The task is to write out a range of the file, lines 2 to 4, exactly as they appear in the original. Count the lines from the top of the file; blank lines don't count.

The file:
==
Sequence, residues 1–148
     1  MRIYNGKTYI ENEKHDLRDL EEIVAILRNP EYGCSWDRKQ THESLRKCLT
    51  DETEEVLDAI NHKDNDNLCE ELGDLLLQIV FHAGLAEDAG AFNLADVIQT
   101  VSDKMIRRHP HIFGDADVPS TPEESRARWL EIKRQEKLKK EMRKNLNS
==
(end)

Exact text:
     1  MRIYNGKTYI ENEKHDLRDL EEIVAILRNP EYGCSWDRKQ THESLRKCLT
    51  DETEEVLDAI NHKDNDNLCE ELGDLLLQIV FHAGLAEDAG AFNLADVIQT
   101  VSDKMIRRHP HIFGDADVPS TPEESRARWL EIKRQEKLKK EMRKNLNS